After being shielded from the worst of her mother’s first cancer battle, Martin-Green says the second diagnosis came with much more doubt and fear. “It was devastating, and only by God and sheer force of strength and will did she get through it.”
Champion, Cheerleader, Caregiver
Martin-Green has her own regrets about that time. “I had moved from Alabama to New York, I was launching my career, in the middle of shooting a movie and about to get married,” she says. “I did as much as I could, but I couldn’t just pick up and leave. For family members of people who are fighting this, there is such a care/life balance that you have to find. You have to be that caring ear, that shoulder they can lean on, that support system — and you have to find a way to factor that in with everything else that your life requires of you. I did my best to do that. My family understood that there were things I couldn’t do, but I look back at everything my sister had to take on because she was still in Alabama, and to this day I think about it and want to break down and cry.”
“We were in it to win it,” she says. “I was part of all the decisions and strategies and the doctors’ visits I could make as well. They were able to get it very early. And now my mother is 69 and a three-time survivor.”
Over time, Martin-Green says she’s learned her fair share about how to support loved ones who are facing a cancer diagnosis. “I think there’s a bit of normalization that needs to happen,” she says. “People diagnosed with a disease need to feel championed, they need to feel uplifted, and they need to feel normal. It’s not that they need to be delusional or not understand that it’s the greatest fight of their lives, but they do need to know that they are capable of that fight, and they need to know that the people around them believe that, too.”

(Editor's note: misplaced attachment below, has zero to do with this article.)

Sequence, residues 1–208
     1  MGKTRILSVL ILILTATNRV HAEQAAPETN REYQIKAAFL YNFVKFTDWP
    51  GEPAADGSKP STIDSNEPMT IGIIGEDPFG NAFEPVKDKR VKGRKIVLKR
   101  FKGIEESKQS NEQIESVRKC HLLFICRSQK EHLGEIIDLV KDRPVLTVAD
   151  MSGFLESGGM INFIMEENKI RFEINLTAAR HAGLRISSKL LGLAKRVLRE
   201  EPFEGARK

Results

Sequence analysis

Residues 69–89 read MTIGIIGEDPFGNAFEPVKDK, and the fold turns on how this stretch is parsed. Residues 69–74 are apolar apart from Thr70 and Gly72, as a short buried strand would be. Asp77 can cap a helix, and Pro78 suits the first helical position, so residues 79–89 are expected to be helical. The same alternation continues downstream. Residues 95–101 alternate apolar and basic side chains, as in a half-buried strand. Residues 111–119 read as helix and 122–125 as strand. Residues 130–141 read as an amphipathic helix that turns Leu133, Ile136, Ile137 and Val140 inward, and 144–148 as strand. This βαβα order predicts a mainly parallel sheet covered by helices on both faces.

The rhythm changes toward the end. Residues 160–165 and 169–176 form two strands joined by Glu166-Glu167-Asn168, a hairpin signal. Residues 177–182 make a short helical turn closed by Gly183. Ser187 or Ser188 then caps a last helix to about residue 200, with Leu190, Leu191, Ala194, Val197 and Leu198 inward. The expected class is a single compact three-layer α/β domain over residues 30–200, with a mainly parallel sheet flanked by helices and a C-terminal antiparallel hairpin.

She and her sister are very aware of the risks they face themselves. “We know how close it is to us,” she says. “What I have chosen to do is focus on making lifestyle choices. I’m now eating a plant-based diet, and my husband and I are both very diligent about eating clean, whole foods. We have been making lots of changes where our health is concerned for several years now, and we’re improving incrementally.”
A strong family history of cancer can be stressful for both family members who are affected and those who are not, says Sharon Bober, PhD, a senior psychologist at Dana-Farber Cancer Institute in Boston. “But taking an attitude of ‘we’re all in this together,’ like Sonequa’s family has done, is very empowering. You can give each other the strength and support to take on early detection, screening, and identifying what you and your family members can do to keep yourself well.”